Let me start off by saying that I believe every woman has an incredibly beautiful and unique journey in her own pregnancy, and I am a firm believer that no one mom should force another to believe the same things, practice the same habits, or experience the same things.
Ah, okay, now, if you didn’t know already, I am pregnant! I am eagerly awaiting the arrival of my little Sadie Rae Crawford sometime late November or early December.
Being pregnant has been incredibly interesting for both my husband and myself. Having kids is something we talked very openly about from the very beginning of our relationship, long before we were married. We went through many phases, or seasons if you want to call it that, where we were set and determined regarding our timeline and our goals for starting a family.
The most amazing thing about plans and goals, however, is that the Lord always orders our steps.
Daniel and I both were unexpectedly convicted earlier this year regarding all of our self determined plans, specifically those regarding children, and even more specifically all of our absurd reasons for not wanting to get pregnant.
In one moment, we both looked at each other with tears in our eyes and decided it was time to let go of control of that.
And just like that, we started trying (not trying to not) get pregnant.
The thing is, however, when we are convicted of our sins and unrighteous behavior, thoughts, and emotions we are not always able to instantly change those thoughts or ways.
Among all of the outrageous reasons I had for not being ready to have children was the fear of becoming obese and losing everything I have worked for physically.
I wasn’t one of those people who was blessed to grow up thin, active, and in shape. It wasn’t until I was in college that I began to have a very vague understanding of health, and it was still several years after that before I was truly able to grasp the importance of changing my lifestyle as a whole in order to become healthy.
I didn’t lose weight radically and in a short amount of time; it was a slow, steady, and healthy process. I fought for it, and made tough sacrifices along the way, and chose discipline in the process.
Needless to say, the natural weight gain and body changes of pregnancy terrified me. I always had heard so many women blame their wight issues and lack of good health on having children, and I was terrified of that being my story.
So, when Daniel and I decided it was time to get pregnant, this was one of the hardest thoughts and fears to let go of.
When we found out we were pregnant, I panicked upon realizing that I would be forced to be weighed at every single visit with my doctor. I had given up weighing myself in May of 2015 prior to my wedding, as it had become an unhealthy obsession.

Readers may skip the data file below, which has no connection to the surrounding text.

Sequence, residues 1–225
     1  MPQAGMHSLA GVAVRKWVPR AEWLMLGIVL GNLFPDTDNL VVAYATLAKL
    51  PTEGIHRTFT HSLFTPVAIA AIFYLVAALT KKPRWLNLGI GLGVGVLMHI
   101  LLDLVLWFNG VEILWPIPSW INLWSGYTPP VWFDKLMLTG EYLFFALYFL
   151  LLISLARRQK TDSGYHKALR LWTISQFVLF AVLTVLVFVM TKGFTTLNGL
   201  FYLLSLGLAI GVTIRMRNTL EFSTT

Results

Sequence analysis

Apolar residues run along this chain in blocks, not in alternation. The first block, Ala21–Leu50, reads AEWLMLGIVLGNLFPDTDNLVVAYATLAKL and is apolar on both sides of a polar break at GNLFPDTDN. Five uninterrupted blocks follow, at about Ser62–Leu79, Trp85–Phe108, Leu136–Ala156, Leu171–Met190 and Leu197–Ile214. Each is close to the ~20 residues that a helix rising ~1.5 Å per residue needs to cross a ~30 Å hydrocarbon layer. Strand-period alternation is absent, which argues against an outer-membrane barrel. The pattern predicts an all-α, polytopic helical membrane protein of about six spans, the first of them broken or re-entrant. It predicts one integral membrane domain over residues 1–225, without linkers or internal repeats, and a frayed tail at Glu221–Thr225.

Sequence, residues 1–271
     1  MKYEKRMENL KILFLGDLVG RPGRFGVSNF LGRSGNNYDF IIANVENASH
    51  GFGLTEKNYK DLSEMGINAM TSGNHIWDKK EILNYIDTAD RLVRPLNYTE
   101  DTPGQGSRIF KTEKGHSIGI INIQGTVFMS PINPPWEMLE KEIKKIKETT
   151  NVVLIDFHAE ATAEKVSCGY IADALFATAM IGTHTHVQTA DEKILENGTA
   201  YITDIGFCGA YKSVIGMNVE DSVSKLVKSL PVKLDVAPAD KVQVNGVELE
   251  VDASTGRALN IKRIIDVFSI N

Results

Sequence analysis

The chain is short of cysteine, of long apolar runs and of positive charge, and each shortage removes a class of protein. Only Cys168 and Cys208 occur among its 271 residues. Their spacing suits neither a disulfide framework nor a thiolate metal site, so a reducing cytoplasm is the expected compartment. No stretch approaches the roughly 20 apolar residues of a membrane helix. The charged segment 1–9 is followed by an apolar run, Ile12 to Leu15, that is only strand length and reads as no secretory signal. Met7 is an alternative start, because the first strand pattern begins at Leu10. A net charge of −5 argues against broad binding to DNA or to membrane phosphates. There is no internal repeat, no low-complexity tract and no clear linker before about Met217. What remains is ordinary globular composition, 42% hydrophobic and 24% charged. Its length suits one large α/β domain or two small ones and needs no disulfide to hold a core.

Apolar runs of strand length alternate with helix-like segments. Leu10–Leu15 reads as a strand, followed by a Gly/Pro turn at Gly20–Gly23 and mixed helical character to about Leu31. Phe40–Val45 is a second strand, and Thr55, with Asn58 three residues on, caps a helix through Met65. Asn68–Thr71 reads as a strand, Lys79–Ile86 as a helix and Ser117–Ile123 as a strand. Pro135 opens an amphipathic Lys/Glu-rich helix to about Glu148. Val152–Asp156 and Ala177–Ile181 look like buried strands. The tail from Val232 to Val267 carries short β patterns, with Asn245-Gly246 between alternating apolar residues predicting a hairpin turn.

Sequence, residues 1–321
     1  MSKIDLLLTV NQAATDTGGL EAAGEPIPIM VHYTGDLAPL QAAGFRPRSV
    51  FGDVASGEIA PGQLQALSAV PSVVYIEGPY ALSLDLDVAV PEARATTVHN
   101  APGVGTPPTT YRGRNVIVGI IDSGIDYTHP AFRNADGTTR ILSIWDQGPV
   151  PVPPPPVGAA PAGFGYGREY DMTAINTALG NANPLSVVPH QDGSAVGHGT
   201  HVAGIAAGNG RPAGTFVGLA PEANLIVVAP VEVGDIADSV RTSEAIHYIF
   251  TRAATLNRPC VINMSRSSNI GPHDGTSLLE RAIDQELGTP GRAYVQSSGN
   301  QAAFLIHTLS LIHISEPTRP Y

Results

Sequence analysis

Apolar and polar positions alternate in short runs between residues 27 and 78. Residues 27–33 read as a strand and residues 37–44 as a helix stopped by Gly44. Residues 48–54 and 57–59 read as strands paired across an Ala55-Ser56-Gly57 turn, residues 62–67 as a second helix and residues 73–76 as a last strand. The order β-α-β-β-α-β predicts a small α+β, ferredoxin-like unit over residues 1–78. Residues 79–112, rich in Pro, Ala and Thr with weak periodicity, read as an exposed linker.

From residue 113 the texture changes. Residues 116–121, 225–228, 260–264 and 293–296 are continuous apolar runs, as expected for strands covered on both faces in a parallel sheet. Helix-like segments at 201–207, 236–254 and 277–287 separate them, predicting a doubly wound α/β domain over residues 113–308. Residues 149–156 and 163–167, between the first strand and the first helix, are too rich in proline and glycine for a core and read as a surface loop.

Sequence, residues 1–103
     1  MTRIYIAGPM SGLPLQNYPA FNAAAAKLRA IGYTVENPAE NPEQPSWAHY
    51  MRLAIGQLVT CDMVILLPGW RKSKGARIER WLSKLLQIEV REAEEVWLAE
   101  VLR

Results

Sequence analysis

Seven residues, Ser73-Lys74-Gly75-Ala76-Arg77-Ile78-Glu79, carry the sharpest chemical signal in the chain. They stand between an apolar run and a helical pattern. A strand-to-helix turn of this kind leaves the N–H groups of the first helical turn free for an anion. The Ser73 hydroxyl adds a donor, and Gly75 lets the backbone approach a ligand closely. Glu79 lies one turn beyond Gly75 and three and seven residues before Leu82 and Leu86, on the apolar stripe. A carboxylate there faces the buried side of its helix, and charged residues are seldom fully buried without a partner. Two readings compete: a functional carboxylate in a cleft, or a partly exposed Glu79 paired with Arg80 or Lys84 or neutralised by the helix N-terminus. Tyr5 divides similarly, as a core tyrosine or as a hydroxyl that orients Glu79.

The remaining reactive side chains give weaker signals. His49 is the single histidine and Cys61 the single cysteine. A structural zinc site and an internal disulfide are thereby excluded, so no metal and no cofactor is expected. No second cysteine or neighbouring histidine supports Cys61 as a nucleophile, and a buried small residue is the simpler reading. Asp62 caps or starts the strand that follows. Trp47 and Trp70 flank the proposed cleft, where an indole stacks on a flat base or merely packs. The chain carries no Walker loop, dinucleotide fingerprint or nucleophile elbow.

Although weight gain in pregnancy is totally normal, completely expected, and completely healthy to some extent, I knew my limits and I knew that I would panic every time I saw that number creep up on the scale. Even worse? It would creep up faster than some google search result suggested ideal, or faster than all the moms out there say it should.
I knew for my mental and emotional health that it was better for me to now know numbers.
So, with complete confidence, I walked into my first appointment as a newly pregnant woman and faced the scale.
Except.. I didn’t.
I boldly and confidently informed the doctor that I did not want to know my weight throughout my entire pregnancy.
And I stepped on the scale, facing away from it, and let my doctor write down the number he saw.
I have had many people ask me how much weight I have gained so far (why is that even okay?) and those individuals are always shocked to hear that I am not weighing myself.
“What if you are gaining too much?”
Well, here’s the thing.. My doctor weighs me every 4 weeks- soon to be every 3, and then every 2..
And he and I have an agreement that if I am off track, or gaining to much weight, he will tell me. We also have an agreement that he won’t tell me how much, and he won’t tell me the number on the scale.
And here’s the other thing- I still work out 6 days a week, sometimes all 7. And I do my very best to eat healthy, and I have barely increased my calories.
So then I hear, “what if you aren’t gaining enough weight? What if baby isn’t healthy?”
My doctor weighs me every 4 weeks- soon to be every 3, and then every 2..
He will tell me if I am not gaining enough weight.
He will tell me if I need to slow down my exercise, and he will tell me if I need to eat more.
He is a trained professional, and I choosing to trust his knowledge and input. I can only do my part anyway, right?
I could eat healthy and exercise every single day for my entire pregnancy, and still gain 70lbs. Seriously, it happened to a friend of mine- and she literally could not explain it, but she lost it all within 2 months.
On the flip side, I could eat junk and indulge in every single craving and still only gain 30lbs. That happens all the time and I won’t pretend I am not at least a little jealous of those women.
But really, at the end of the day, I can only do my part to stay healthy and take care of myself and my baby.
The rest is up to genetics I suppose.
So, why worry about the number on the scale?
What matters most to me is that I am healthy, on track, and doing my part- and as long as my doctor says I am doing okay- I feel confident and even proud of this decision to simply let go.